The Ottoman threat from the east had been effectively checked since the Battle of Lepanto in 1571. By the middle of the 17th century, however, the destruction of the Thirty Years’ War had made the empire’s eastern frontiers again vulnerable. Ottoman forces invaded Hungary in 1663, but imperial troops managed to defeat them and win a 20-year truce. France’s Louis XIV and the Hungarians, both eager to check the Habsburgs, encouraged Ottoman aggression against them. When the truce expired, the Ottomans besieged Vienna in 1683. Imperial troops, combined with those of Jan III Sobieski of Poland, rescued the city, and the Ottomans were driven beyond the Danube. As a result, Austria compelled Hungary to recognize the Habsburg right to inherit the Hungarian crown. The Ottoman wars continued until the brilliant general Prince Eugene of Savoy led imperial troops to victory at Senta in northern Serbia in 1697. By the Treaty of Karlowitz in 1699, the Habsburgs regained most of Hungary from the Ottomans.
The country, ravaged and greatly depopulated due to the conflict, was resettled with German veterans, and imperial authority from Vienna was imposed.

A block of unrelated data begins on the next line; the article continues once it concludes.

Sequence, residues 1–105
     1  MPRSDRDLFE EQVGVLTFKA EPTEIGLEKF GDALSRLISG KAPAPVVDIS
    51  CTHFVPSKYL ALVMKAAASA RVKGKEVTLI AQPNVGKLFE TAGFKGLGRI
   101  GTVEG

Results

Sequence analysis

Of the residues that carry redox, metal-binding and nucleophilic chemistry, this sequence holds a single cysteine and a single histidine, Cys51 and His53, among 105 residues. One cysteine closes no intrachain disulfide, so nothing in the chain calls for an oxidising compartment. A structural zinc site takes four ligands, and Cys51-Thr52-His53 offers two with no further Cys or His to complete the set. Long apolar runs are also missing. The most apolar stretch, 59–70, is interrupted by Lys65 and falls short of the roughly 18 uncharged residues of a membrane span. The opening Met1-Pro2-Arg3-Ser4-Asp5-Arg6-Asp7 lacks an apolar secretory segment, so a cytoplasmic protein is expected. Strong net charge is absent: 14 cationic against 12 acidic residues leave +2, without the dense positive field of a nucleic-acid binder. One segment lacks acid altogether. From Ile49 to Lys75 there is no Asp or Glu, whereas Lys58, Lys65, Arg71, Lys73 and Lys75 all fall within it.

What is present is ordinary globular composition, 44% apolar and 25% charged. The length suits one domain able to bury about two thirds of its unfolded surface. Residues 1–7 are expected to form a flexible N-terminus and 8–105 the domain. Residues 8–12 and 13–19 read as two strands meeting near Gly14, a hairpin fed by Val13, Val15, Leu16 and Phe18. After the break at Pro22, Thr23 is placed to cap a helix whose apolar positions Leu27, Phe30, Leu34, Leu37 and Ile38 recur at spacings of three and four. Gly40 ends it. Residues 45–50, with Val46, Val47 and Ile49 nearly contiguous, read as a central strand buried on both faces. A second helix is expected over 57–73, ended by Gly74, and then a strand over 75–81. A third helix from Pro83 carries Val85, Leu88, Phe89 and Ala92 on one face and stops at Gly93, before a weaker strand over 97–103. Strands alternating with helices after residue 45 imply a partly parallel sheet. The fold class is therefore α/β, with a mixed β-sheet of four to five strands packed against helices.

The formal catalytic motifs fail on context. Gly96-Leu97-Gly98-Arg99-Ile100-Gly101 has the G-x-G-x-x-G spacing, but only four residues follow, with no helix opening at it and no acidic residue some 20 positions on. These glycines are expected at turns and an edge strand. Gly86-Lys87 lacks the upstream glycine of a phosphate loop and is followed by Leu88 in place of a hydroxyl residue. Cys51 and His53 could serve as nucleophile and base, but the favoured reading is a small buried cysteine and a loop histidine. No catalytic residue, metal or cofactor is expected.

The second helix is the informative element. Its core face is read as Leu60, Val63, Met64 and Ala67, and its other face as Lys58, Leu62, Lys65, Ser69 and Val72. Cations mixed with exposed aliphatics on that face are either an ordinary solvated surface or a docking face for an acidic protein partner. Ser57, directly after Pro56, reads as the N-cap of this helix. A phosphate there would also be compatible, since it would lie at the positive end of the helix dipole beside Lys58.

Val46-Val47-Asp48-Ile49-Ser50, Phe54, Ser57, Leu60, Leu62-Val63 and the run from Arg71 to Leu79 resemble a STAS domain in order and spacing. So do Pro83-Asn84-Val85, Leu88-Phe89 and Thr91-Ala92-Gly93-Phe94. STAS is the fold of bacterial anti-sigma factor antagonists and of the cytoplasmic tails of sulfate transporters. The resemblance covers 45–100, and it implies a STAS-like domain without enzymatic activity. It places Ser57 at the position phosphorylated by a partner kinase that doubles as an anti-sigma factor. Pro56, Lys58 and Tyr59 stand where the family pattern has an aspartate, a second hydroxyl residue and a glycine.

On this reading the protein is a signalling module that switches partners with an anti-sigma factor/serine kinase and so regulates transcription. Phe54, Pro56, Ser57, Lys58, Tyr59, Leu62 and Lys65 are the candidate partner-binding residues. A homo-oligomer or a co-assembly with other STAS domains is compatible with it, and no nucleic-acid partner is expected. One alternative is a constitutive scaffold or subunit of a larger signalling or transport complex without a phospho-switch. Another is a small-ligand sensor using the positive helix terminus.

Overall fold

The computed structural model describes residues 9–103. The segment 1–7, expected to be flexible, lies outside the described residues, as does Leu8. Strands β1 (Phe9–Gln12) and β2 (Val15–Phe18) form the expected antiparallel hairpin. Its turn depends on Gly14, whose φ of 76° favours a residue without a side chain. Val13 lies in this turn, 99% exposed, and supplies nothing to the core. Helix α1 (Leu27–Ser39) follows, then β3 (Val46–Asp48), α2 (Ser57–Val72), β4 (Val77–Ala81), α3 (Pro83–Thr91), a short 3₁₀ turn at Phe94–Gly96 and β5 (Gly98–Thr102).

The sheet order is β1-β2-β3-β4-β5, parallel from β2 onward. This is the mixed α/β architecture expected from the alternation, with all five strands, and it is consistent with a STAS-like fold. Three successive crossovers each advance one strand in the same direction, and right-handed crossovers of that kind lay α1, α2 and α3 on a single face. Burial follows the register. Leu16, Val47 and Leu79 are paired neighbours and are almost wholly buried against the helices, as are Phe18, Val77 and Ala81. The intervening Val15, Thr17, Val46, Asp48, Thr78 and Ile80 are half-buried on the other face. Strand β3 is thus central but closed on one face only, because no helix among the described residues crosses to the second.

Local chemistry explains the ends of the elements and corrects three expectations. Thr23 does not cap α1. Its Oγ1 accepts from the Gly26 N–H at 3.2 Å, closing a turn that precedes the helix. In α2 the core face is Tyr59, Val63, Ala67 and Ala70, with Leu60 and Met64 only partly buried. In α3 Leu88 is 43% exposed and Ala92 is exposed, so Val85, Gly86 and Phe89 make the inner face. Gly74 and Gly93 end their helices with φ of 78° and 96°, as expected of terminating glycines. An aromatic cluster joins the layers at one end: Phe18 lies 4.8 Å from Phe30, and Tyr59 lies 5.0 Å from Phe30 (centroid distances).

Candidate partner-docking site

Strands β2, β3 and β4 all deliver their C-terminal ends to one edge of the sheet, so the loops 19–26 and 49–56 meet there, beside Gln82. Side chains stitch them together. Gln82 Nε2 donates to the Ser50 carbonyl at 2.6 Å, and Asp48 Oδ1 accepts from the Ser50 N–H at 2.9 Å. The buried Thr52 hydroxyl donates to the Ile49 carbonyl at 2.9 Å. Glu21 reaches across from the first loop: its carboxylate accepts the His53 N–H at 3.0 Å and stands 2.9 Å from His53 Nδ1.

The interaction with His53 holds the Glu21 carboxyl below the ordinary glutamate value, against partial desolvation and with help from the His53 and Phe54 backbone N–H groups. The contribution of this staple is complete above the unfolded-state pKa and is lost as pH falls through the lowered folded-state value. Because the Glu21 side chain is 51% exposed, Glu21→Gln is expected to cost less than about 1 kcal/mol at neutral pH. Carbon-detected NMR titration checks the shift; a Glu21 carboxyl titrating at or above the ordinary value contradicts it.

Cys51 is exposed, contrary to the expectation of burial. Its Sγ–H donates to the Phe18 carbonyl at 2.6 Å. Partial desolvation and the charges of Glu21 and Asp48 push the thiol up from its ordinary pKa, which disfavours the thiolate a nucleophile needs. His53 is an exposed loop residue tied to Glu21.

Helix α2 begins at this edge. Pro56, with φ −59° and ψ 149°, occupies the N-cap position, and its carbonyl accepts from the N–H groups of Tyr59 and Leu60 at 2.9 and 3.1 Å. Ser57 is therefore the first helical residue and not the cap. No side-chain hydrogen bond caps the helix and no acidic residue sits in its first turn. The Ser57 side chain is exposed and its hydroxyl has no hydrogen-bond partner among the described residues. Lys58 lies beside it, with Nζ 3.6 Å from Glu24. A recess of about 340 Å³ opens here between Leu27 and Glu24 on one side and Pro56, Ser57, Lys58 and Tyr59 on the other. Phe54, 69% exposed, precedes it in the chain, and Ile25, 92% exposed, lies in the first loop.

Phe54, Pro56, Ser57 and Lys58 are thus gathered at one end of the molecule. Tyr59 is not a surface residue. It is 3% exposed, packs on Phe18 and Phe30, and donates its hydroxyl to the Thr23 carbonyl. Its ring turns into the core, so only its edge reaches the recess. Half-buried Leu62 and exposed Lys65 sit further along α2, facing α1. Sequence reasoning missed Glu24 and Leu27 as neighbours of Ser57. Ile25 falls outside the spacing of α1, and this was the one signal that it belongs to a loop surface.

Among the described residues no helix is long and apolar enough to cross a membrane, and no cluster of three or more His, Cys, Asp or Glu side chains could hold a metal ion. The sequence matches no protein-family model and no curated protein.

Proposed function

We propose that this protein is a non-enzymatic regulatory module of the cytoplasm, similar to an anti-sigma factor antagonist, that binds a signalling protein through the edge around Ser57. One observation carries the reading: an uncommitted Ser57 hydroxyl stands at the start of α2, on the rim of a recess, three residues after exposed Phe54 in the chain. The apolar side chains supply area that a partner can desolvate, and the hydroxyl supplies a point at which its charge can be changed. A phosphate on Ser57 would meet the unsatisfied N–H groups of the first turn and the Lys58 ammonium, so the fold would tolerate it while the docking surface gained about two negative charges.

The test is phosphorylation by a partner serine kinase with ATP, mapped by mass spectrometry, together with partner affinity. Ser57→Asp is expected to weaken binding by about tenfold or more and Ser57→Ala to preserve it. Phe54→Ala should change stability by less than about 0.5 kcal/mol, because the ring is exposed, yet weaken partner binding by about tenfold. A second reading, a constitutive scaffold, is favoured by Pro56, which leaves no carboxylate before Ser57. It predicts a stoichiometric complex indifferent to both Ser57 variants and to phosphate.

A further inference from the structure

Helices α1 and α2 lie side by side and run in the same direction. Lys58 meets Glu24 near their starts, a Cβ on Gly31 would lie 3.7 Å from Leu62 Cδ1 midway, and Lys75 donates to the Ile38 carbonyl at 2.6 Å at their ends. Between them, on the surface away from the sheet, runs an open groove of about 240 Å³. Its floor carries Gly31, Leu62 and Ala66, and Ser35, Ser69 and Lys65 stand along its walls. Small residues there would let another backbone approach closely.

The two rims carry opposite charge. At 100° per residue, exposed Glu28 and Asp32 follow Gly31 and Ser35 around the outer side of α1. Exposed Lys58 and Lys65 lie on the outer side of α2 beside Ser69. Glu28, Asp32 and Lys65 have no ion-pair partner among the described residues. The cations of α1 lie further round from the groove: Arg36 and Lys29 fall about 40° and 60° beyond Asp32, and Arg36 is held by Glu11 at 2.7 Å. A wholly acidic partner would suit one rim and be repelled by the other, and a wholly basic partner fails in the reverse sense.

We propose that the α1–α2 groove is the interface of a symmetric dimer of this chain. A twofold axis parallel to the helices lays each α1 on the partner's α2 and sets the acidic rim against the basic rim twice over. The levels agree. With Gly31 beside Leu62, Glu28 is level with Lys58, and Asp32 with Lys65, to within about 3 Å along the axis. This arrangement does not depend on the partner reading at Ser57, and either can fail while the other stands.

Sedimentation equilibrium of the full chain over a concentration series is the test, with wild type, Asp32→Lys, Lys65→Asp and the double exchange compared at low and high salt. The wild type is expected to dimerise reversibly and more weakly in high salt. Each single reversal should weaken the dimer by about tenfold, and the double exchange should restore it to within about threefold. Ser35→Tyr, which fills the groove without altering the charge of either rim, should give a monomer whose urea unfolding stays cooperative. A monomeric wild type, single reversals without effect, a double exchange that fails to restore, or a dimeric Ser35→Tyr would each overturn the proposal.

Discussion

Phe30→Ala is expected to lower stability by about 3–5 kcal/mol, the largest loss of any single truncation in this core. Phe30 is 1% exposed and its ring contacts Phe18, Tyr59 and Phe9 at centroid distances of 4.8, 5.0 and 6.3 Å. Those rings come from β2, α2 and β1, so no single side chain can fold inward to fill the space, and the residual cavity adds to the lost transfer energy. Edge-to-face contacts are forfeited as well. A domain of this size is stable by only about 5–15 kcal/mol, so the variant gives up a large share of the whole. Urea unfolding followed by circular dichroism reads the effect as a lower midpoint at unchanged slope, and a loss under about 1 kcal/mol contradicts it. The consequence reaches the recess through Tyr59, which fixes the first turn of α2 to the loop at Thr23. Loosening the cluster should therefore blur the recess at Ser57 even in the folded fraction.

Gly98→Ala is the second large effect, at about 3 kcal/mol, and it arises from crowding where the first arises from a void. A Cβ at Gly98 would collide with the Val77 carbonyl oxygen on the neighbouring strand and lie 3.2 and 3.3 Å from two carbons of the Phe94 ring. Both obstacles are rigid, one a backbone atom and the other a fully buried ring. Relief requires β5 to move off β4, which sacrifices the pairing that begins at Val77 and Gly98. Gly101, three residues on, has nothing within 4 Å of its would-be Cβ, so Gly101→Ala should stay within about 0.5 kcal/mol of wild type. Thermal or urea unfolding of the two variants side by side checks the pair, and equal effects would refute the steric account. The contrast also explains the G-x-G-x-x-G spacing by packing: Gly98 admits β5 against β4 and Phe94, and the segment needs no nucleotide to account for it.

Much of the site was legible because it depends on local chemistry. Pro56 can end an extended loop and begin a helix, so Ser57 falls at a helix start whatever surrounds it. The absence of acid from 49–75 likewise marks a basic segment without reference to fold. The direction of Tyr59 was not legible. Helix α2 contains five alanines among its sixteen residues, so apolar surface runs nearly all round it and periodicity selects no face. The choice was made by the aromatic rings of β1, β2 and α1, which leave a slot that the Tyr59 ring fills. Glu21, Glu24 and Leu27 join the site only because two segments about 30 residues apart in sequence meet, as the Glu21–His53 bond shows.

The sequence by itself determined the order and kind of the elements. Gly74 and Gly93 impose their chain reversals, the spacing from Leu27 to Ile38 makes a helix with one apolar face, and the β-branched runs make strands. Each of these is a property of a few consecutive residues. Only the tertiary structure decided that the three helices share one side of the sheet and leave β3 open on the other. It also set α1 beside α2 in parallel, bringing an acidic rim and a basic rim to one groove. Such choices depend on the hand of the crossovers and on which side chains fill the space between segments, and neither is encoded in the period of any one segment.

By 1740 the German states of Austria and Prussia had emerged as the chief rivals for dominance in central Europe. Austria had been the core territory of the Habsburg family since the 13th century. The Habsburgs had built their power and land by acquiring territory through diplomacy and dynastic marriages and had become one of the most powerful states in Europe by the beginning of the Reformation. However, religious and dynastic wars, Ottoman invasions in the 17th century, and growing conflict with Prussia had weakened the state by the early 1700s. "Germany" © Emmanuel BUCHOT, Encarta, Wikipedia
Photos of European countries to visit
Photos of Asian countries to visit
Photos of America